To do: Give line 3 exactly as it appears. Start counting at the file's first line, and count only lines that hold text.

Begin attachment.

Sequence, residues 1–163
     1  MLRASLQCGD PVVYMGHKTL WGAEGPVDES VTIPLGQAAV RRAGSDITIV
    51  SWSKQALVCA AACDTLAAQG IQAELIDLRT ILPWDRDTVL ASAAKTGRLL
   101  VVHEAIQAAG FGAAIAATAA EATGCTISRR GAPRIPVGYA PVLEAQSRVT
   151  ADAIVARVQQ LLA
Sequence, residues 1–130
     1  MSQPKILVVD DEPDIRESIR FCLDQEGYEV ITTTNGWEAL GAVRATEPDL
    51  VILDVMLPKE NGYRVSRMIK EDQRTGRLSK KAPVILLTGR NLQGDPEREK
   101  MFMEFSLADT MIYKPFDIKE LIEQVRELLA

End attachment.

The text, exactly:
    51  SWSKQALVCA AACDTLAAQG IQAELIDLRT ILPWDRDTVL ASAAKTGRLL